Marly Youman’s “Power and Magic” written, she explains, “for my magic-loving teenage daughter who finds that real boys can’t compete with make-believe ones” delivers a special brand of Georgia cool and a wonderful boy who is everything those vampire boy toys will never be. (You heart will simply melt over Erl Jack.) “Little Red” from Jane Yolen and Adam Stemple is a vivid dark story of a teenager in trouble, one who can not go home and pines for survival while trying to kill herself in so many new and different ways. Red is brave and resolute while she struggles through abuse and ignorance. “We get a new therapist the next day. We’re always getting new ones. They stay a few weeks, a few months, and then they’re gone.” Red has demons on her trail but she fights them off; she fights everyone. Girl Interrupted indeed -- Yolen and Stemple give us the read deal of teen trauma with “Little Red” and it will likely leave readers trembling.

The anthology’s big treat is Nina Kiriki Hoffman’s dragon novella, “The Ghosts of Strangers” which combines more than one fantasy element (dragons and ghosts) into a tale that turns what you might expect onto its ear and shows how powerful personal courage can be. Taken together the entire book is an excellent place to discover authors you love, characters you can’t forget and fantasies few of us can imagine.

Until next month you can catch me at chasingray.com where the Summer Blog Blast Tour will be running the week of May 18th. Also check out Guyslitwire.com for new recommendations for teen boys from a group of bloggers with a wide range of interests. Awesome stuff for anyone looking for a good book.

Cool Reads: Sy Montgomery has written a lot of wonderful nature books for both children and adults. She has lately become a mainstay of the Scientist in the Field series from Houghton Mifflin Children’s and her animal loving memoir, The Good Good Pig, was a bestseller in 2007. Recently Chelsea Green has reissued some of her earlier nature titles and after reading Journey of the Pink Dolphins: An Amazon Quest and Spell of the Tiger: The Man-eaters of Sundarbans, I am now a committed Montgomery fan. What makes her standout for me is that Montgomery writes not only about the science of the animals she is investigating but also the mythology and folklore surrounding them, the people who live near them and those who study and manage them. She takes a broad view of nature, seeing the creature and its entire environment. I love the Boston Globe quote about her, that she is “part Indiana Jones and part Emily Dickinson.” If you wonder, like I did, how that is possible then you simply must read these two books.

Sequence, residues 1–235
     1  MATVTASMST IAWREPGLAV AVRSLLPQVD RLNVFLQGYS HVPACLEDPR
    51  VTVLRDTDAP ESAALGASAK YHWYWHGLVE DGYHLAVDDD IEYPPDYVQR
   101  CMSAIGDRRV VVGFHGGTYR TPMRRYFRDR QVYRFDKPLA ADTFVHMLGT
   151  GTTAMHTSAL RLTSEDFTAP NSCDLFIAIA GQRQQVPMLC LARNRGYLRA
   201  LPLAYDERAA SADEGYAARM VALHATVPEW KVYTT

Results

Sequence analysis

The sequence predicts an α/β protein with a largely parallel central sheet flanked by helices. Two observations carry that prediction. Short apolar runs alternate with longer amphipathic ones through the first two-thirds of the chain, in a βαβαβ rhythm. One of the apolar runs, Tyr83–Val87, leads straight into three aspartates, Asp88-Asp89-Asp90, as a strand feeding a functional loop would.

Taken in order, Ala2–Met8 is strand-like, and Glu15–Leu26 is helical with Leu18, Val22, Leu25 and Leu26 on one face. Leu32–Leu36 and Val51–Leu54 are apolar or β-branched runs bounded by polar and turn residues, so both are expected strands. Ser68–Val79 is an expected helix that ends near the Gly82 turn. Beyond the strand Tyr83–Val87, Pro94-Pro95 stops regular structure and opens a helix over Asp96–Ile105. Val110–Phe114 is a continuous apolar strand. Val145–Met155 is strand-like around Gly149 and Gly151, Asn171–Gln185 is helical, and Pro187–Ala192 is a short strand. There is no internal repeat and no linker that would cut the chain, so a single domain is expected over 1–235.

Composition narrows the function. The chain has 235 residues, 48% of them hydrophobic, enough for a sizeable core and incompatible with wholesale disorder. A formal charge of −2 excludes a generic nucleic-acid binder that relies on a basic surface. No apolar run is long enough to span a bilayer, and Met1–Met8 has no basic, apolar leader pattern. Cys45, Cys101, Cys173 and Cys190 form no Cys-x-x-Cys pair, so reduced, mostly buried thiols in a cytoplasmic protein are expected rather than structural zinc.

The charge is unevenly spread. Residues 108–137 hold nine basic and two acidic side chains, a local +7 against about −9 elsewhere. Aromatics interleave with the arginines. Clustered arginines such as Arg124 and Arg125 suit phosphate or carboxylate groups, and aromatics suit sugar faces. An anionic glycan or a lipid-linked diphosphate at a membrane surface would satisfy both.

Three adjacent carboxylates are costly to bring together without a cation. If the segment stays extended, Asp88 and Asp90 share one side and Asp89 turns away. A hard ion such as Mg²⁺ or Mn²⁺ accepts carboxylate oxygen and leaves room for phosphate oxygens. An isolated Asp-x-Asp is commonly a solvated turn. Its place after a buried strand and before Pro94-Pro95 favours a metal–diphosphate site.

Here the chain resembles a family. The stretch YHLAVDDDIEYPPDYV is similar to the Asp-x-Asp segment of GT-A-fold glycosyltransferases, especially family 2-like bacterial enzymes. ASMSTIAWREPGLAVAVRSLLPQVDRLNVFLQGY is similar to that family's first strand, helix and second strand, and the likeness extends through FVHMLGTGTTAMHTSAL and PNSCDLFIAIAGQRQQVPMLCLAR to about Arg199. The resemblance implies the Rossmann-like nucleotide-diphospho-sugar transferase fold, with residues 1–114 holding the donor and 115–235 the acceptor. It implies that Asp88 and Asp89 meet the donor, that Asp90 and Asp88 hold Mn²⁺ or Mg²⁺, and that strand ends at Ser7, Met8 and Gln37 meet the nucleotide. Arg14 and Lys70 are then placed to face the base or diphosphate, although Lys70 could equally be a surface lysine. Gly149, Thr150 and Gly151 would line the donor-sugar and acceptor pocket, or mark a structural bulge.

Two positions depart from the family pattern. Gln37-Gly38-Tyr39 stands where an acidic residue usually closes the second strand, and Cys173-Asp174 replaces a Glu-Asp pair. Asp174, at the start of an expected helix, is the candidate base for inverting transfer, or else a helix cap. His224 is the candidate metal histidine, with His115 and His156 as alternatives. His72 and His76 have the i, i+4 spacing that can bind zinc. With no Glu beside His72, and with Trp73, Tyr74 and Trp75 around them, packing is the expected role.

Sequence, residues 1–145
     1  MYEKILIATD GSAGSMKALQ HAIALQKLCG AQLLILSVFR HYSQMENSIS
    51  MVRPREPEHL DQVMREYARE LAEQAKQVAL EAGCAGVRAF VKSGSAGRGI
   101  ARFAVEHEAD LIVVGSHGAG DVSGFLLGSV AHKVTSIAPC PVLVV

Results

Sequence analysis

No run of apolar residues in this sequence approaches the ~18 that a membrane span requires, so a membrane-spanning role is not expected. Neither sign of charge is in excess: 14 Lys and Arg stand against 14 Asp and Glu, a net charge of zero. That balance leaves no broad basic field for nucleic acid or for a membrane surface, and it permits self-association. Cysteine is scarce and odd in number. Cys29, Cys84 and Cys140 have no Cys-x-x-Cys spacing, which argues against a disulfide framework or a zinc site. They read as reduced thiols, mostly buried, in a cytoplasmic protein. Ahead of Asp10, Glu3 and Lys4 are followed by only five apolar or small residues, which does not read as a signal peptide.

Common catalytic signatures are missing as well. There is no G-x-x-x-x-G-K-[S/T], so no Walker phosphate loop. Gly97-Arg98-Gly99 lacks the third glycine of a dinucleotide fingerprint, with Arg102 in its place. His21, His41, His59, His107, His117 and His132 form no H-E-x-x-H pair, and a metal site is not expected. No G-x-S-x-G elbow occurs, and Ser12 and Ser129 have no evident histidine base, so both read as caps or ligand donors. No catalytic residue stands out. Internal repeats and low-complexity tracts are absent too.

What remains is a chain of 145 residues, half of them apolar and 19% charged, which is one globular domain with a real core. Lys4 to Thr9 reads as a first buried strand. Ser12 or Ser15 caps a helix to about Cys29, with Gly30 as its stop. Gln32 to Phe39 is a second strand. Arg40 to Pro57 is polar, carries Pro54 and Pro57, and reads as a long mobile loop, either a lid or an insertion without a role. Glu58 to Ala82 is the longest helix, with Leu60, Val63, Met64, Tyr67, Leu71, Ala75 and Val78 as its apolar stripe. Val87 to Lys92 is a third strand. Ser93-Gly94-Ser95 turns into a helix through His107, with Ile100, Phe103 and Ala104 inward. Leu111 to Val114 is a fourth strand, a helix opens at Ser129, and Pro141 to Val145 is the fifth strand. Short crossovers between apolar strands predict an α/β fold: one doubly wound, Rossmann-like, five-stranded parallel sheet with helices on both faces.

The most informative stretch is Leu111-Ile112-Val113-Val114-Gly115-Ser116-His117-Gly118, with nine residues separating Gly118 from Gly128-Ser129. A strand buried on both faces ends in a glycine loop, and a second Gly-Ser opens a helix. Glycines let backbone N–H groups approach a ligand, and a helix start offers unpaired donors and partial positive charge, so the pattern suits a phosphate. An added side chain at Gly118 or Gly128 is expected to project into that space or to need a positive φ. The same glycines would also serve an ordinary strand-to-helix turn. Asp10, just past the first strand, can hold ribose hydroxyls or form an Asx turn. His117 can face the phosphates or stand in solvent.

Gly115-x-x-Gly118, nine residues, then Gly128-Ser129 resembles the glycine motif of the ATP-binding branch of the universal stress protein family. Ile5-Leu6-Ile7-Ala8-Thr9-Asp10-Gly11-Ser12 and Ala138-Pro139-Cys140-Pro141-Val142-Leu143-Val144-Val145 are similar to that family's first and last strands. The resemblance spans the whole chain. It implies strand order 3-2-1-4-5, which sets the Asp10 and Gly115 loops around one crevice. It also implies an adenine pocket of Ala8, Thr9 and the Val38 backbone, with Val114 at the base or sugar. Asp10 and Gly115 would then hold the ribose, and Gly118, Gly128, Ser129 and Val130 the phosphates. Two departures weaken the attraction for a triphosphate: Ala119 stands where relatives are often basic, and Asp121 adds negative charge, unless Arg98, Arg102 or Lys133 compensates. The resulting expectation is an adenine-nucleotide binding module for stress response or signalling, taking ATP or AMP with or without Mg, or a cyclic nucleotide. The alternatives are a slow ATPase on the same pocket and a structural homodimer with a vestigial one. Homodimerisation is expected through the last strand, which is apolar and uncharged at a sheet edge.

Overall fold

Teens in particular should embrace Dolphins and Tiger as they carry a heavy dose of adventure from the very beginning. Just getting to the Amazon in order to study the pink dolphins is an exercise in endurance and as for the Sundarbans, the swamp and delta that lies between India and Bangladesh where the only actual man-eating tigers in the world live (and hunt), well it’s right out of a 19th century journal of intrepid woman explorers. The two books excel in stories of wildlife encounters both expected and not (rats and bugs are especially prevalent in the Amazon) but it is the many ways in which Montgomery reaches far beyond the traditional confines of nature reporting that will impress her readers. There is a wealth of fascinating information in both of these books that extends into the realm of how people live with these particular animals and further, how they live with the wild in general. Sy Montgomery is clearly someone with an innate sense of curiosity. Combined with an extraordinarily elegant writing skill (echoes of Barry Lopez) she is a nature writer who must not be missed. Mandatory reading for teens looking for their own summer adventures and especially those worried all the great discoveries have been made. Sy Montgomery is a pied piper for those bored with the same old thing; read her and find the world.